I. Case History and Opening Statement
A. Case History
The cocky and arrogant head coach James Franklin appeared to be on the outs after starting his career in State College with back-to-back seven-win seasons. Then he got blown out by Michigan early in year three and it really looked like the Big Ten might be finally rid of the villainous hype master. Something horrible happened next, though. New starting quarterback Trace McSorley and his outstanding backfield mate Saquon Barkley led the no good Nittany Lions on a nine-game winning streak that culminated with a victory in the Big Ten Championship Game. Suddenly, Penn State was back. The horror.
The blue and white wave continued to roll in 2017, as the explosive Penn State offense overwhelmed opponents and paved the way for a second straight 11-win campaign. This one ended with a big Fiesta Bowl victory over Washington.
B. Opening Statement
Fans who don’t believe in James Franklin have been left to grasp at straws. Right now the refrain is “He hasn’t beaten a ranked opponents on the road.” Whether or not the Lions defeat Michigan in Ann Arbor this November, I’ve already figured out the 2019 anti-Franklin line: “He can’t win without McSorley under center.” Sure enough, the coach had trouble bringing home the bacon when Christian Hackenberg was the quarterback, and if McSorley has a Heisman-worthy season in 2018, there will be fans who say that anybody can win with that guy.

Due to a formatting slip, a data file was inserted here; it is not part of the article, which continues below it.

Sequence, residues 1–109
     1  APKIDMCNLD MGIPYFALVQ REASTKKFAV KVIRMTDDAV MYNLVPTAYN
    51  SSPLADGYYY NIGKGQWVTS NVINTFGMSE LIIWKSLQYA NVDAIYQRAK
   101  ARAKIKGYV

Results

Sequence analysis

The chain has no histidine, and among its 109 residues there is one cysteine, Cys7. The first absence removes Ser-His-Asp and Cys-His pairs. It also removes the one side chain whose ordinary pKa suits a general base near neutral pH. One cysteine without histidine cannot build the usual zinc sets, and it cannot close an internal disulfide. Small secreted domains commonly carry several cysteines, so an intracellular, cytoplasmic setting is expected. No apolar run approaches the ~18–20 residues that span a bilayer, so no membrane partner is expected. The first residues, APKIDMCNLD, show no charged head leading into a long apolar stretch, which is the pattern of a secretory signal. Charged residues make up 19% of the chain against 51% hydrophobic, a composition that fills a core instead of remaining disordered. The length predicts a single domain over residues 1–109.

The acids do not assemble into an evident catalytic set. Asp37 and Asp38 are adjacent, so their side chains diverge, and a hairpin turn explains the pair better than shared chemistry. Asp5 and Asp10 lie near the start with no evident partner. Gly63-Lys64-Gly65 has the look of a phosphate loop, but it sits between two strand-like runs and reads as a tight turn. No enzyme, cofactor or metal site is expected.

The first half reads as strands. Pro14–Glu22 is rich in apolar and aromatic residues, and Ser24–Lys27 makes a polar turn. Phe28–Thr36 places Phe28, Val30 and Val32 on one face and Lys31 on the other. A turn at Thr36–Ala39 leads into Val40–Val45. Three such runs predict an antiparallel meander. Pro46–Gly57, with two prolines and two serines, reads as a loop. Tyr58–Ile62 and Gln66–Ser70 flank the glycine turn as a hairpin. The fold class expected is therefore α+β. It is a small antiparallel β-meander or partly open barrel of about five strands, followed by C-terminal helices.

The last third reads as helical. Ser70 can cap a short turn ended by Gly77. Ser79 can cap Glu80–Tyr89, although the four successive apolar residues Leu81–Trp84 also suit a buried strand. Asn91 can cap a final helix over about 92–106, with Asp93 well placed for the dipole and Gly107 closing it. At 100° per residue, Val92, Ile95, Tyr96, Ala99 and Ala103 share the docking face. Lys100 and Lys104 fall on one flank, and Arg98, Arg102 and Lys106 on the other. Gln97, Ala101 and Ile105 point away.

We’ll cross that bridge next year, though. For now, Franklin has got to concentrate on two things. First, he’s got to find McSorley enough viable targets to throw to now that DeSean Hamilton, Mike Gesicki, and Saquon Barkley have moved on. It’s also important to note that the offensive coordinator of the past two seasons, Joe Moorhead, is now the head coach at Mississippi State. Second, the defense has got to get better while at the same time replacing key pieces at middle linebacker (Jason Cabinda) and safety (Marcus Allen). If that doesn’t happen, Ohio State and Michigan State could both prove to be problems like they were last year.
Will the offense struggle without Barkley and Moorhead? I’m not worried about the running game with Miles Sanders taking over, but it’s doubtful that the new starter will have a similar impact on the passing game. Incoming freshman Justin Shorter is a big target and someone who can help out in that regard. He’s talented enough to play immediately and could replace Gesicki as the guy who can catch the ball even when he’s covered. Still, Shorter is unproven, and with Juwan Johnson as the one reliable returning receiver, new offensive coordinator Ricky Rahne might need to get creative to keep defenses from zeroing in on the hero from last year’s Iowa game.
The defense is a bigger problem with big holes to fill at linebacker and defensive tackle. Penn State catches all the breaks, though, so one of last season’s linebackers, Manny Bowen, is back on the team despite being booted off of it last December due to a violation of team rules. Bowen boosts the experience level at the position, and that should help a run defense that will be missing its top four tacklers from last season.